Sunday, June 2, 2013

Latter-Day Saints In Alaska Recreate 19th Century Mormon Treks Across The Great Plains, Focusing On The Handcart Expeditions

The Anchorage Daily News has published a gallery of 44 photos depicting a group of Alaska Mormons re-creating the Mormon treks across the Great Plains during the 19th century, specifically the handcart treks. The group of 220 youth between the ages of 12 and 18 and 50 adults began the re-enactment at Jim Creek near the Knik River on Tuesday May 28th and pulled handcarts up the Jim Creek Trail about 10 miles and set up camp within sight of the Knik Glacier. Over the next three days they made their way back, camping along the way. They returned to the Jim Creek trail head on Friday May 31st, where a scrumptious barbecue awaited them.

This is not the first time Alaska Saints have done this. In 2007, Mormons from the Kenai Peninsula and Homer held a three-day handcart trek reenactment in the shadow of the Ring of Fire volcanoes. They traveled three hours by ferry, two hours by car, and another hour and a half by bus just to get to the trailhead. The most dramatic event occurred on the third day, when the group awoke to a terrible storm with winds blowing more than 50 miles per hour. Pegs pulled loose, tents collapsed, the rain pounded down, and dark clouds covered the entire sky. Fearing that the weather would stop the trek, the leaders knelt in prayer. Soldotna Stake President Randy Eberline asked the Lord to calm the storm. Throughout the camp, trek families also knelt and prayed for relief from the weather. Suddenly, the clouds parted and a bowl of warm sunlight shone down.

According to the LDS Gospel Library, ten companies of handcart pioneers walked the 1,300 miles from Iowa City (the end of the rail line) to Salt Lake City between 1856 and 1860, pulling and pushing all that they owned. Of the total of 2,962 handcart immigrants, about 250 died along the way. The most tragic were companies four and five, the now-infamous Willie and Martin companies of 1856, in which 220 Saints lost their lives. These two companies, consisting of 980 people and 233 handcarts, began their journeys across the plains too late in the year due to a series of mishaps. The majority of the 220 who lost their lives froze to death in early snowstorms near the Continental Divide in central Wyoming. Many others suffered trailside amputations of fingers, toes, and legs due to frostbite. When Brigham Young heard about it, he was horrified, and promptly dispatched rescue parties from Salt Lake City to avert further tragedy.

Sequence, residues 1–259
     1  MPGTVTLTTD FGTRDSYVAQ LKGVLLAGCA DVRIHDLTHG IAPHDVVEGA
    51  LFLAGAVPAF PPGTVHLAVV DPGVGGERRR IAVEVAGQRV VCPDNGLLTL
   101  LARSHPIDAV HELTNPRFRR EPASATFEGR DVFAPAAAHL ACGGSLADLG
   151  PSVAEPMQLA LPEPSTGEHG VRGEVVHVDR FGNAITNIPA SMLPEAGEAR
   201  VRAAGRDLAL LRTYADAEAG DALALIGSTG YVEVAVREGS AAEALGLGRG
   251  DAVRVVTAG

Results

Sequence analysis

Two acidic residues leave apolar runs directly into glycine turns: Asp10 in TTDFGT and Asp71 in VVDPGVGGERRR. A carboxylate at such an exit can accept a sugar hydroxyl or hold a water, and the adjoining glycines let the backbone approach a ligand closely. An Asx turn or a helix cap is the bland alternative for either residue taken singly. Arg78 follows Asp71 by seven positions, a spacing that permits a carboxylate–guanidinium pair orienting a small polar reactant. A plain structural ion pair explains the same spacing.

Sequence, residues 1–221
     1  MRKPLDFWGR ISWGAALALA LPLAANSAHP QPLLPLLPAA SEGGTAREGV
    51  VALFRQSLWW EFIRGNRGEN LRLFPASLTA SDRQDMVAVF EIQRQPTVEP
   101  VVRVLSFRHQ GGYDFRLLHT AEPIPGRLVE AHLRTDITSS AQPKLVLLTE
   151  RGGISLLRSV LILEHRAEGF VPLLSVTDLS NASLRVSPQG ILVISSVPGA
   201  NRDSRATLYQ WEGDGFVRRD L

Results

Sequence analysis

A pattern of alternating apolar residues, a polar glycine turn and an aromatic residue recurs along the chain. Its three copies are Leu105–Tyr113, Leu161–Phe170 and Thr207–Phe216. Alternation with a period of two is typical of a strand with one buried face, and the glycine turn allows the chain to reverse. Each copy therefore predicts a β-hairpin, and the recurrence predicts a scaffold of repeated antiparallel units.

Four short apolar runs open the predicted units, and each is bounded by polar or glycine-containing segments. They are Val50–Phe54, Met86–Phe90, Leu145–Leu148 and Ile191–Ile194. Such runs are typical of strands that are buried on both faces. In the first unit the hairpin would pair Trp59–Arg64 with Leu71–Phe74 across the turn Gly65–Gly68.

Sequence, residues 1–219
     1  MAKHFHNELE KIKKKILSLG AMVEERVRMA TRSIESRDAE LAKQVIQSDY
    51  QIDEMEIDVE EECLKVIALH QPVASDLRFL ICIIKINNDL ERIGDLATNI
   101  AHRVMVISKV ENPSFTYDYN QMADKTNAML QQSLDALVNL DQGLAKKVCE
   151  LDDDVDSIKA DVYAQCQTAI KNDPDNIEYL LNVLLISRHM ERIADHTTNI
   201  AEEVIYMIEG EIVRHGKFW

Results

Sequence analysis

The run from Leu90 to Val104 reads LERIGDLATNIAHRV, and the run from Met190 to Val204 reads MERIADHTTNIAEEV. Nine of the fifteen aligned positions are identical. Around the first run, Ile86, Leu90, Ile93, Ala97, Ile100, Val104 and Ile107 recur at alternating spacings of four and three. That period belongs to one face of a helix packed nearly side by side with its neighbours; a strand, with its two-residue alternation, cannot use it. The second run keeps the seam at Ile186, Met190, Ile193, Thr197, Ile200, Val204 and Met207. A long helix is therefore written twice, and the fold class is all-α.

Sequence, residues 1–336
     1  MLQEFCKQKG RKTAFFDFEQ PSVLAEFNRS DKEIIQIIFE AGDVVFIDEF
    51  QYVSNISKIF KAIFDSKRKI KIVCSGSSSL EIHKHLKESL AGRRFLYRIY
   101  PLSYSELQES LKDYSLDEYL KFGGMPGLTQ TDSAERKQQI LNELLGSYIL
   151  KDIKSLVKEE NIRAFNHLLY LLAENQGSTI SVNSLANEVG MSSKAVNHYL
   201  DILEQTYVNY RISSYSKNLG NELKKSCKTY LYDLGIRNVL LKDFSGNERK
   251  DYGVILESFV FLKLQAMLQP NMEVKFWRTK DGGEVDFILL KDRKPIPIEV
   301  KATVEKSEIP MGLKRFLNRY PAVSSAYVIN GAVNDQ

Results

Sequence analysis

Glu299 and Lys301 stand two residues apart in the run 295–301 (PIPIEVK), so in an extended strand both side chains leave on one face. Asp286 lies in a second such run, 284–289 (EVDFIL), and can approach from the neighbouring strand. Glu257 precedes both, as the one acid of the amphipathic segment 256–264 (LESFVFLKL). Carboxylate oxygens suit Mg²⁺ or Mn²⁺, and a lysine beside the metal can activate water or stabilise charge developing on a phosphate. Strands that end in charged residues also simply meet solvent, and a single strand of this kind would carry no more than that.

The reenactment was designed to convey a sense of this history to the next generation of Alaska Mormons. Yet some anti-Mormon trolls spewed their filth in the Anchorage Daily News comments section. Anti-Mormon trolls not only falsely claim that the LDS Church pretends the Mountain Meadows Massacre didn't happen (there's a memorial on the site maintained by the LDS Church), but they continue to insist that the LDS Church is antigay, ignoring the fact that the LDS Church accepted the recent decision by the Boy Scouts to accept all Scouts who agree to the Scouts' code of behavior. I have no obligation to respect anti-Mormon trolls who lie about the Church; those who want respect must earn it by acting respectably.

I define "anti-Mormon" not merely as someone who disagrees with Mormonism, but someone who expresses that disagreement by deliberately misrepresenting and lying about Mormonism. Such people are unworthy of civil discourse; one does not cast pearls before swine.

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